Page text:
Although I've been in studios more, (most recently for The Addams Family film), I love performing live. I've been on stage with Smokey Robinson, Bobby Caldwell, Chaka Khan, Stevie Wonder, Dionne Warwick, Johnny Hallyday, Johnny Mathis, Jennifer Love-Hewitt, Brian Culbertson, Keb' Mo, Boz Scaggs, Jim Brickman, Michael McDonald, Sheena Easton, Melissa Manchester, Larry Carlton, CeCe Winans, Fred Hammond, Daniel Ho, Frankie Avalon, Shirley Bassey, Cybill Sheppard, Ann Jillian, and Brian Setzer. At the Playboy Jazz Festival, the Montreal Jazz Festival, the Amiens Festival du Musique in France & the grand hall in Amsterdam, London, Liverpool, Germany, Belgium, Switzerland, Costa Rica, Panama, and the Blue Note Jazz Clubs in Tokyo, Fukuoka, Osaka and Nagoya Japan. The Joint at the Hardrock Hotel in Las Vegas, the MGM, Caesars Palace, the Venetian, Mandalay Bay, the Idyllwild Jazz Festival, Madison Square Garden, the Anaheim Pond, the Catalina Jazz Festival, the Astrodome in Houston, the grand stadium in Mexico City, the University of Puerto Rico, the House of Blues &, well, you know, a bunch of places…
The recording sessions have been pretty diverse as well, from Michael McDonald's "Wide Open", Hilary Duff's "Metamorphosis" to Bette Midler's "Peggy Lee Tribute", and Chicago's "Now". Kirk Covington and the Devil Horns, Jacksoul, Lucy Pearl, Barry Manilow’s “Greatest Songs of the Fifties”, The West Side Story Tribute, Garden Party, three CD’s with Mike Sims, five with Russ Miller, four with Wah, three with Brian Setzer, Lifescapes, three of my own. Along with movies like The Longest Ride, Robots, Garfield, the Mask, Zoolah Patrol, the Frank Sinatra Story, Fortune Hunters, and many others.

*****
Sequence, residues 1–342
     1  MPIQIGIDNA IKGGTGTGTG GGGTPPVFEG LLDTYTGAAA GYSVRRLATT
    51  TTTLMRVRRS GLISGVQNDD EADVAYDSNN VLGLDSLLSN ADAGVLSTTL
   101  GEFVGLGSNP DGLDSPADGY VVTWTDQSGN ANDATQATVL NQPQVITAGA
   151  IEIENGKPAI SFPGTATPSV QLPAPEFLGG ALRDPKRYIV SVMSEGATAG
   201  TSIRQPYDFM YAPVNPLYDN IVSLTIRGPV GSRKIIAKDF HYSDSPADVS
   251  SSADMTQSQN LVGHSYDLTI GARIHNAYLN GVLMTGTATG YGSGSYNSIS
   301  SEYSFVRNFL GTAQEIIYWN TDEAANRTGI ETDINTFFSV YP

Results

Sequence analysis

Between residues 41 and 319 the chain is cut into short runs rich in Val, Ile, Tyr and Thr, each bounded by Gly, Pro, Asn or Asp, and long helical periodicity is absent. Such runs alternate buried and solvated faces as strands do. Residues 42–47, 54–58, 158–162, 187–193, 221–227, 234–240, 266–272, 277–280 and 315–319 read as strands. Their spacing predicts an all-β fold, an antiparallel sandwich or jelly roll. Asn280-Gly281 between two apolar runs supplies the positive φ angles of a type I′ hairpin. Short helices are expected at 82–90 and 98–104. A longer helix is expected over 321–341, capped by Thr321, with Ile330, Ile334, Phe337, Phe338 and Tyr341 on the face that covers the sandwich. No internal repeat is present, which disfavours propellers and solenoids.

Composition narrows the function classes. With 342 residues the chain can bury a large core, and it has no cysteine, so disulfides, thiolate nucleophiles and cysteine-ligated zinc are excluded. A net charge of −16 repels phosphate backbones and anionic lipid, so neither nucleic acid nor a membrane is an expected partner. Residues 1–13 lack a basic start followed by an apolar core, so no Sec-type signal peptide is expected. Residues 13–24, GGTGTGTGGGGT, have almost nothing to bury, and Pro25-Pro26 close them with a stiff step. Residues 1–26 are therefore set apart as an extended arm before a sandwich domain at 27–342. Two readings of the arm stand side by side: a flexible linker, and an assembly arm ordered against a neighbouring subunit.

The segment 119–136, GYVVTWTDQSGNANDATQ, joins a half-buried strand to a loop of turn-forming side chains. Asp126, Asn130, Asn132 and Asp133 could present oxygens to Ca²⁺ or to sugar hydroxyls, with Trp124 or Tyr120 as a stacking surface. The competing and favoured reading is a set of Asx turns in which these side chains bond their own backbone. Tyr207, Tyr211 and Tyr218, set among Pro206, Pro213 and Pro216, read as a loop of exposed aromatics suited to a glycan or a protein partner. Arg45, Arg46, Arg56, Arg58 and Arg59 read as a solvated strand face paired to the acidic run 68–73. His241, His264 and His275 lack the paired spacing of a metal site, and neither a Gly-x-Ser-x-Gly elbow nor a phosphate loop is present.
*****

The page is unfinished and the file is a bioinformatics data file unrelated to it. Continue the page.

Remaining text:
I purchased my Yamaha Soprano Sax in 1984. That would eventually lead to an endorsement deal with the Yamaha corporation, which continues to this day. I proudly play all Yamaha horns, including all my Saxophones, Flutes, and Clarinets, in addition to my WX5 Wind Controller and Vocoder. You can see more detailed info on all of that on the Gear List page.
I've also toured the world as a clinician, sharing my experiences and ideas with other professionals looking for insights, the semi-pro player looking for some help on getting to the next level, or for the casual beginner. The documentary I hosted on making Saxophone’s at the Yamaha factory continues to be one of the most viewed around the world,(It's really old and dated now, good for a laugh). I did an interview with Saxophone Journal, they said I retain both my love and passion for music, along with an easygoing laid back attitude. So, there.
I continue to work on my own recordings, with a new album coming soon,(what are they called nowadays? Albums? CD's, Projects? Group of Songs?). I'm always trying for my music to be honest, chops with soul, and always looking to take the listener on a journey they will enjoy over and over again.
Did you really read this whole thing? Hey, thanks!! :-)